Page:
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"I’ve yet to meet a pharmacist who ever had this covered in pharmacy school," writes Kreckel.
On July 15, my daughter Gretchen Garofoli appeared before the Senate Subcommittee to discuss financial barriers to adult immunizations. The night before she headed to Washington DC, I said “nothing to worry about GG, but please while you’re there get me an appointment to the FDA. I’ll have them straightened out in a couple of months before I get fired!”
Many of us in healthcare feel that the Food and Drug Administration (FDA) are in the back pockets of the drug companies. It seems that the FDA are always catering to the desires of the pharmaceutical manufacturers. In a previous column in September 2018, I implored the FDA to standardize the appearance of all generic drugs. This would show beyond a doubt that the FDA is concerned about patient safety. No one ever contacted me. Hey, I’m just a community pharmacist whose major concern is always the safety of his patients. Heck, old Kreckel doesn’t even have a political action committee!
Back in October 2013, my niece Rachel Fritz was staying at our home when she was doing an optometry rotation in State College. I presented an online lecture on optometry at the college. After I completed my lecture, she asked “Uncle Pete, why didn’t you tell them about the cap colors on ophthalmic products?” Rachel explained that the anticholinergics had red caps, prostanoids had teal caps, anti-inflammatories had grey caps, antibiotics had brown caps, et cetra. In over 30 years of community practice, I never had this explained to me. I’ve yet to meet a pharmacist who ever had this covered in pharmacy school. The American College of Optometry pushed the FDA for this, they even provided the pantone colors to minimize variations on the color green!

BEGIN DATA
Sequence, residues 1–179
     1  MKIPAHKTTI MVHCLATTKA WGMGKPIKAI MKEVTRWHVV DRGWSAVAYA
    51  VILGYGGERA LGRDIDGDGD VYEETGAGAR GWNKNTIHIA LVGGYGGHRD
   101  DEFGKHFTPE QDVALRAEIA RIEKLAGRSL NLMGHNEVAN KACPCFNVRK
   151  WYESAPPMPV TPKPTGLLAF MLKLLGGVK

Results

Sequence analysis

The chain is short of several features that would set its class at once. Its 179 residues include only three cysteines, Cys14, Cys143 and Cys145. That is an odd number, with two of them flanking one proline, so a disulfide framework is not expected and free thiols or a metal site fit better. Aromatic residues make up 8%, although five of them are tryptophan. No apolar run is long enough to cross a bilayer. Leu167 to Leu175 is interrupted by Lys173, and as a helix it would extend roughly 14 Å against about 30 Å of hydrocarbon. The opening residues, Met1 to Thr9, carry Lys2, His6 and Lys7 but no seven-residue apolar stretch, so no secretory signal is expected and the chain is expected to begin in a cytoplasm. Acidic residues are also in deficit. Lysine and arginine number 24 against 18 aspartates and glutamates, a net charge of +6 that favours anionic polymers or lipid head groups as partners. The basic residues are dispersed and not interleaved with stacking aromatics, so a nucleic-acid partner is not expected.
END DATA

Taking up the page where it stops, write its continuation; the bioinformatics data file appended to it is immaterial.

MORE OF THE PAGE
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Last week, at the doctor’s clinic I work at, once again there was great confusion regarding the asthma/COPD inhalers. I’ve complained about this for years that there is no standardization of asthma inhalers with respect to appearance. We’ve heard horror stories of people using steroid inhalers for emergency, and no one steps up to push standardization.
My niece, now Dr. Fritz, says that optometrists use these color codes to talk with patients. “Use the yellow cap (Timolol) twice daily, and your teal color cap (Xalatan) at bedtime.” She says during post-refractive surgery, it is less complicated when instructing patients when to use the red, gray, and brown cap colors.
I’d like to see the FDA take the initiative to resolve this issue. I’ve heard some of the sales reps say they would have to retool their equipment to change these colors. Fifteen years ago, we were selling generic albuterol inhalers for $8.00 each, and the FDA had the manufacturers change the valves to accommodate CFC-free formulations, to minimize chlorofluorocarbons that were allegedly damaging the ozone layer. Albuterol inhalers all cost over $50 now. Most of the other inhalers for asthma or COPD cost over $300. Certainly, the lives of my asthma and COPD patients deserve as much attention as the ozone layer.